AICGS

Domestic Policy

A variety of reasons, including demographic change, global migration patterns, economic hardship, and climate change, demand that both Germany and the U.S. craft domestic policies that effectively address their populations’ concerns. This imperative is also seen in the political sphere, as voters make their voices heard in state, federal, and supranational elections.
Reset

Beyond Elections’ Digital Propaganda: Need for Improvement of Public Debates

Since the beginning of the twenty-first century, we have been increasingly facing non-military threats, including digital disinformation campaigns, which have a world-wide effect. In the context of national and international …

Defending Democratic Institutions and Processes: A Call for a Multi-Stakeholder Response

Running a political campaign was never an easy endeavor. That is not necessarily negative. Few worthwhile endeavors can ever be considered “easy” and it is arguably the struggle against meaningful …

Why We Need to Think about a “Disinformation CERT”

In order to function properly, democracies depend on open deliberations and fact-based discussions. As our public discourses have increasingly moved online, social media platforms have become critical infrastructures for our …

Cybersecurity and the Internet of Things

We are currently facing an accelerated digital transformation. More and more critical transactions are processed online, and a tremendous amount of core data is available in digital form. Accordingly, trust …

What We Learned about German Politics In 2018 and What It Means for 2019

2018 was a chaotic and transforming year in German politics.  It marked the beginning of the end of the Merkel era’s thirteen-year run.  The graphic below, published in the Politbarometer …

Compatible Degree and Non-degree Postsecondary Education in the U.S.: Crossover Competency Oriented Conceptual Approaches in Credentialing

As a DAAD/AICGS Research Fellow from October to December 2018, Volker Rein assumes that a fundamental dichotomy between academic and occupational requirements does not exist per se. On the contrary, …

Bridging Academic and Occupational Learning and Credentialing: Crossover Competency-oriented Program Shaping in U.S. Postsecondary Education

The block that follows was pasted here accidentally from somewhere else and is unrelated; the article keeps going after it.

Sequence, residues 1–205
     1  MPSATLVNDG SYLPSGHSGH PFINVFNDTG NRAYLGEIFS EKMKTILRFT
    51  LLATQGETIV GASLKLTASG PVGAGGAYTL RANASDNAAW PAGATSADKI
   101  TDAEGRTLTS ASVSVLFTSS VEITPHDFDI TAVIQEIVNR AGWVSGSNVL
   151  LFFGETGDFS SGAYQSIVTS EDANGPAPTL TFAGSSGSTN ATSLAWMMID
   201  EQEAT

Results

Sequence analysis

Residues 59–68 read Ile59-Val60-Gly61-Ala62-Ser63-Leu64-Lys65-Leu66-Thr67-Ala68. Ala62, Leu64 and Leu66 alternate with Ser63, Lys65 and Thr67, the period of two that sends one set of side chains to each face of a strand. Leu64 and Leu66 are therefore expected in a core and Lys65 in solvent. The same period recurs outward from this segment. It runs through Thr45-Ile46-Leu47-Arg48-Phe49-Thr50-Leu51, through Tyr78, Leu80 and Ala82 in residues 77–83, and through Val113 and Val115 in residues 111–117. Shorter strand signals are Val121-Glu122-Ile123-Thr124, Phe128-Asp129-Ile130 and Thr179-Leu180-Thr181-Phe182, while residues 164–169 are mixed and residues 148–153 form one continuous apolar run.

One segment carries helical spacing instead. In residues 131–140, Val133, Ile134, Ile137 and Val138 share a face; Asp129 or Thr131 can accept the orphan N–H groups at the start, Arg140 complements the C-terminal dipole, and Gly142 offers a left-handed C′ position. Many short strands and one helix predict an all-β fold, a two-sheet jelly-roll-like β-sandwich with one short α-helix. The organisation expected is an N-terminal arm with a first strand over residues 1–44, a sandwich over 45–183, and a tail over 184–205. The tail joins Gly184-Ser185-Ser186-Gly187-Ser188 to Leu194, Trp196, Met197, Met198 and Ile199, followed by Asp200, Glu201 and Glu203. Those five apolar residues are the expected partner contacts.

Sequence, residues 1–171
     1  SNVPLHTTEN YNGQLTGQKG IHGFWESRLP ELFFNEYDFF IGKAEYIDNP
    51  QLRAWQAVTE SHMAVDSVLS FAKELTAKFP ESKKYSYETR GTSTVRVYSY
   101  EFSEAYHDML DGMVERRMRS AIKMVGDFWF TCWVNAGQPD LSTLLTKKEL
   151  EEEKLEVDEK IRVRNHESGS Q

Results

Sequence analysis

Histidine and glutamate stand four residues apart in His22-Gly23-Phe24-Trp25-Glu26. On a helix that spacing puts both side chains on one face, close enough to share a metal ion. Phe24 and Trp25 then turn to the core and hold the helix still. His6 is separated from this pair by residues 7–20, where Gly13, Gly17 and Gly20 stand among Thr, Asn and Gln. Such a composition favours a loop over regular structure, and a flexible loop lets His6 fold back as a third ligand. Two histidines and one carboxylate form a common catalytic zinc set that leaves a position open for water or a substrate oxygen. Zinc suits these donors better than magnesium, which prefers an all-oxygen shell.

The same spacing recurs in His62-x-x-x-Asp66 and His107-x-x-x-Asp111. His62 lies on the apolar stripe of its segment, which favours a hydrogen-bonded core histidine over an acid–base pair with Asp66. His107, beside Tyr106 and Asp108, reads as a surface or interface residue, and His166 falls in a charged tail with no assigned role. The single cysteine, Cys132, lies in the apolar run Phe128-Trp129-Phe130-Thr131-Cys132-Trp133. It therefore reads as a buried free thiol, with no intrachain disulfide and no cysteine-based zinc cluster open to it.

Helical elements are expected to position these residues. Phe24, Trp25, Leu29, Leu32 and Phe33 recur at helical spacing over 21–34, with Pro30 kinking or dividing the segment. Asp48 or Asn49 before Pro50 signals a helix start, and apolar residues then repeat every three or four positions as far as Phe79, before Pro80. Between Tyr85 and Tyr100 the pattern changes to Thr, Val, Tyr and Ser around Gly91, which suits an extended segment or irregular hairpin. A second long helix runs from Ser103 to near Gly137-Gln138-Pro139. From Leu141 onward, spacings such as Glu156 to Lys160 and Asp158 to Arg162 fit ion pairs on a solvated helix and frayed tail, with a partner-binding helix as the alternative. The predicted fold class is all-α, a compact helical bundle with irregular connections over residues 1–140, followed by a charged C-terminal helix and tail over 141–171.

Research insights on approaches, challenges, and perspectives The Problem and Relevant Developments in the U.S. and in Germany Since the 1980s, American, German, and European experts and major stakeholders in …

The Radicalization of the Extreme Right: Charlottesville August 2017 and Chemnitz August 2018  

In Germany, as in the United States, we are confronted with growing right-wing radicalism. Right-wing populists or radicals “offer” “solutions” by addressing perceived or real weaknesses or even crises in …

The Radicalization of the Extreme Right: Charlottesville and Chemnitz

As a DAAD/AICGS Research Fellow from October to December 2018, Prof. Dr. Hajo Funke looked at the developments of two extreme-right events, in Charlottesville and Chemnitz, including the conditions of …

Bridging Academic and Occupational Learning and Credentialing in U.S. Postsecondary Education by Competency-oriented Program Shaping

Research insights on approaches, challenges, and perspectives On both sides of the Atlantic, there is a need to better train and adapt the workforce for twenty-first century jobs. In the …

Migration – A Global Reality or Threat

On December 12, 164 nations ratified the United Nations-Migration Pact (or Global Compact for Safe, Orderly and Regular Migration) at a UN conference in Marrakesh, the very first of its …

Negative Campaigning in the U.S Midterm Elections: Role Model or Warning for German Campaign Strategies?

Negativity has always been a part of American election campaigns. As early as 1828, President Andrew Jackson invented “coffin handbills”—similar to what we would call a flyer or pamphlet today—to …